Quoting the Time’s Up movement, “Powered by women, TIME’S UP addresses the systemic inequality and injustice in the workplace that have kept underrepresented groups from reaching their full potential.”

Beginning with the first job where I was in responsible charge of others in the company, I wanted to come up with a method to assure the people I was managing were being paid fairly. I did this by listing everyone in the group and placed them in an order based on knowledge and experience from senior engineers right down to trainee draftspersons. Now, I did this based on my “best guess” at where each person fit on this list. It wasn’t done with lots of research and background checks for the skill levels, but it was “good enough” for what I was trying to do.

I don’t recall how I came up with the idea of categorizing employees in this manner, but it proved to be very helpful to me as I began to organize these individuals into groups, e.g., project managers, senior engineers. With my employees grouped in experience/skill orders, I went back and inserted the salary of each employee next to his or her name. The results varied from “right on” to “disappointing.” Out of a list of 30+ workers, I’d say 60% were in the correct position with the correct pay. There were several whom I considered to be significantly overpaid. Several more I estimated to be slightly overpaid, with others slightly underpaid.

Since there was no scientific reasoning to my assessment, I considered those slightly overpaid and slightly underpaid to all be within reason. The timing of my study fortunately was completed about three months in advance of a major downturn in the economy, so in time I resolved my problem with individuals being significantly overpaid. There was only one employee who was substantially underpaid, and she was the only woman in the HVAC department.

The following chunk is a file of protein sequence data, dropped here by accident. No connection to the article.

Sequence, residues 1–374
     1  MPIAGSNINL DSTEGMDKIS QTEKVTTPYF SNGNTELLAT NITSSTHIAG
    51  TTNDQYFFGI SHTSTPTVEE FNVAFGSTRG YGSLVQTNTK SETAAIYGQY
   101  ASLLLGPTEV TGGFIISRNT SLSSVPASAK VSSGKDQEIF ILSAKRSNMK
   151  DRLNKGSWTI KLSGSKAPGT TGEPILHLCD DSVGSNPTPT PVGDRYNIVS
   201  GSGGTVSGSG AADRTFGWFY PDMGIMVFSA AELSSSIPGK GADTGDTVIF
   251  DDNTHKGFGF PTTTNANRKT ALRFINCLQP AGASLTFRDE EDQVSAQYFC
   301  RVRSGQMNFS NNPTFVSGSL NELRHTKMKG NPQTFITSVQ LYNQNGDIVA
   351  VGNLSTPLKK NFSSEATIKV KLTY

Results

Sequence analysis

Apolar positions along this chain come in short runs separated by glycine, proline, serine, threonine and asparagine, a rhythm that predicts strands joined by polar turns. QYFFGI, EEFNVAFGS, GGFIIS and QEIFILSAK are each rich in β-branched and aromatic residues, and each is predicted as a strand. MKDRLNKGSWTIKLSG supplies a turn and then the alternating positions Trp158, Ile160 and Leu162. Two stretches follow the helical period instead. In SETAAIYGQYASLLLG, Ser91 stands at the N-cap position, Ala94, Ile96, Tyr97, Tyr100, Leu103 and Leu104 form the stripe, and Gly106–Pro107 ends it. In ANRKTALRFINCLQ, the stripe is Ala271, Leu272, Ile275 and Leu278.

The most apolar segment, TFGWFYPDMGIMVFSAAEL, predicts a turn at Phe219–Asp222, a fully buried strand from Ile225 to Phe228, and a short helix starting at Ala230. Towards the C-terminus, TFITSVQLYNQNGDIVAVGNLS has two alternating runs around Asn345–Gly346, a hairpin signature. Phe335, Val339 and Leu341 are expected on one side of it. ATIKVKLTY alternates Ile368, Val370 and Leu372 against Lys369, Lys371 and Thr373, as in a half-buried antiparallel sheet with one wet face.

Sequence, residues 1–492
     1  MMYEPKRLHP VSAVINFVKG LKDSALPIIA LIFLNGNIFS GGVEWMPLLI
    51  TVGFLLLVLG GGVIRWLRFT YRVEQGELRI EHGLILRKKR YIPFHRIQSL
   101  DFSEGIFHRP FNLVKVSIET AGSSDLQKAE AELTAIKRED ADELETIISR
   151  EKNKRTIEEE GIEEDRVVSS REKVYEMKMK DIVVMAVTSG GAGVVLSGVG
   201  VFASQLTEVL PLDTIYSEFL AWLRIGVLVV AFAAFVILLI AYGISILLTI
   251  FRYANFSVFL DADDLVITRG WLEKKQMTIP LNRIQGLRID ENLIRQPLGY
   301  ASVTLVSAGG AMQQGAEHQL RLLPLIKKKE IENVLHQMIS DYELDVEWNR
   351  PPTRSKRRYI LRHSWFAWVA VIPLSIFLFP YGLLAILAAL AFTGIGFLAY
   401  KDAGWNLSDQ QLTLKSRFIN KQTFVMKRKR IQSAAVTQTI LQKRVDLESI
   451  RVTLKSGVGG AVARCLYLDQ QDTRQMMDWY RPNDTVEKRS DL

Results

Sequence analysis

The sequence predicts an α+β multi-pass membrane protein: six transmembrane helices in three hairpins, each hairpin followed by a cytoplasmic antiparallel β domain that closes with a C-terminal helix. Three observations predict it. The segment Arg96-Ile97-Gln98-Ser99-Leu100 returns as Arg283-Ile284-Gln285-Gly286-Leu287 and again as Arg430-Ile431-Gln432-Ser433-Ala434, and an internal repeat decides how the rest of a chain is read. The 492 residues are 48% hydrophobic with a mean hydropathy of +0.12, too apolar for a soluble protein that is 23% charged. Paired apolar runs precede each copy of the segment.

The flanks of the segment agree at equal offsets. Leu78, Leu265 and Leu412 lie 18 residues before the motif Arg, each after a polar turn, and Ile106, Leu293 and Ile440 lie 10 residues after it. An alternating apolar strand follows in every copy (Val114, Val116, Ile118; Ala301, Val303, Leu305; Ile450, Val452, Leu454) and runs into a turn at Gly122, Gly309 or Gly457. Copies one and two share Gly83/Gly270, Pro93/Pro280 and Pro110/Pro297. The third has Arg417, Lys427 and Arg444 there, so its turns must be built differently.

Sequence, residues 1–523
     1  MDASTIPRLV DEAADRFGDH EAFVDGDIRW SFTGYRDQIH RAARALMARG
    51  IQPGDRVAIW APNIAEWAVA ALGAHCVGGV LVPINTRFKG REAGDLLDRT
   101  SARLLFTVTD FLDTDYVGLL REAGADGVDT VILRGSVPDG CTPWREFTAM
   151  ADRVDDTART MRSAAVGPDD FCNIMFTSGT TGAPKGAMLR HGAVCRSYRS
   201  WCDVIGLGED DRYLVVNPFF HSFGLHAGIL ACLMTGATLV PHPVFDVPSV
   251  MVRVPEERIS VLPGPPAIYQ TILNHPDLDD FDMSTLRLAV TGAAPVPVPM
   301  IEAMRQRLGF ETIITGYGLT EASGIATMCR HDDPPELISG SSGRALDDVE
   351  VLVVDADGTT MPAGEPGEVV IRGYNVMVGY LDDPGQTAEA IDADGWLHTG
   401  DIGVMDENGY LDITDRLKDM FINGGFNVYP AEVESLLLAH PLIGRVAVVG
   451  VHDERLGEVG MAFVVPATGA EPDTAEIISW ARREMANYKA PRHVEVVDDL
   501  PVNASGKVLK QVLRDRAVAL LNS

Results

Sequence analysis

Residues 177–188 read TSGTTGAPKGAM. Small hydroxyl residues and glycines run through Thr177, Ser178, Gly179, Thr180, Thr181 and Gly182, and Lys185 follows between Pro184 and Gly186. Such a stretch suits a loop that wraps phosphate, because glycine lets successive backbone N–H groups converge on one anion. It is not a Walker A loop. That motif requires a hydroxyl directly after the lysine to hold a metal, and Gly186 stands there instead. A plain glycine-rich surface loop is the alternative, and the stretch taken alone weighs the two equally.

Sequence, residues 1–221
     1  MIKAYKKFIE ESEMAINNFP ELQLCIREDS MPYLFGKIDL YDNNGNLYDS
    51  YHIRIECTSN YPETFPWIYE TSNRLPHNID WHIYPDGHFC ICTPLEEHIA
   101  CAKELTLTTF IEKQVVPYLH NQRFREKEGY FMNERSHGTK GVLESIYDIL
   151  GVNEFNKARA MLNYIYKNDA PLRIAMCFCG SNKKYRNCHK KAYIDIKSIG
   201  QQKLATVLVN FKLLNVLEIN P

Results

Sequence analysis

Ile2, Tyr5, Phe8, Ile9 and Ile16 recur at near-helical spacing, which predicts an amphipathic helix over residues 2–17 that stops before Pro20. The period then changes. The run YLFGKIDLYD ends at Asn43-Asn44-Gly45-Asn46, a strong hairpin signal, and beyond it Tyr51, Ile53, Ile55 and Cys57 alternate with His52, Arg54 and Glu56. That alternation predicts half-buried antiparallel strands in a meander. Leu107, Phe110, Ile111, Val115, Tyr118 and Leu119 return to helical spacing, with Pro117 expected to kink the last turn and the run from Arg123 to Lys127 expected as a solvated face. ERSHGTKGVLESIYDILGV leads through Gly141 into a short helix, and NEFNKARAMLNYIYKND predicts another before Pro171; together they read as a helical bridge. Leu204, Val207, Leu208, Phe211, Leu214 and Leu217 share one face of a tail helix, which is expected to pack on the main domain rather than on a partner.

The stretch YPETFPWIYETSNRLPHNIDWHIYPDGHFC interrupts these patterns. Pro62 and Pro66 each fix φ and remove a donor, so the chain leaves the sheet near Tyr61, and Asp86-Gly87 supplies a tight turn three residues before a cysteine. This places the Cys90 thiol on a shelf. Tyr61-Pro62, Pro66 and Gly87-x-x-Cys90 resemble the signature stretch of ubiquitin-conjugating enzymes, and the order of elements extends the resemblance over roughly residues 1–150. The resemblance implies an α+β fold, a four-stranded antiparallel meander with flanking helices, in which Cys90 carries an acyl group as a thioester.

In fairness to the company, this young lady had joined the firm after graduating from an engineering college, but she applied for the only position available in this company at that time. That position was as a draftsperson, and she was paid accordingly. That said, it didn’t take long for the company to be using her as a design engineer and she welcomed the opportunity to advance, but her salary didn’t parallel her advancement. Based on my employee-position-salary chart, she was 50% underpaid for the work she performed. When I brought this to the company president, he agreed to make the salary adjustment but wanted to do it in two pay increases within a year. I understood his reasoning and the woman engineer and I agreed that was acceptable.

In the years to come and with each career move I made, I would take on management responsibility, and by the end of the first quarter I would pull out my best-guess employee-position-salary format. With each new assignment, I never found a male employee significantly underpaid, but I would always find the women underpaid to significantly underpaid.

When I would bring my results to the company owner(s), it was tough to dispute my findings. This business tool was also helpful when an employee would request to join my department and I would find the same results — e.g., a woman who was a graduate engineer, LEED certified, and a registered professional engineer had a salary a third less than her male employees with the same credentials. Agreeing on accepting an employee into my group, I would make sure the company knew I was only agreeing with the young lady making the change if the company agreed with my salary adjustment request for this new group member.

A side benefit of my employee-position-salary findings was that I’d share the individual’s information with the specific employee, and it opened up a conversation with him or her relative to job security if their salary was not in line with other workers. But more importantly, it opened a conversation on setting goals. It is important to note that I never found a male employee significantly underpaid, nor did I ever find a woman overpaid for the job. Maybe I should have titled my simple approach as the “Time’s Up” document because it identified a common problem.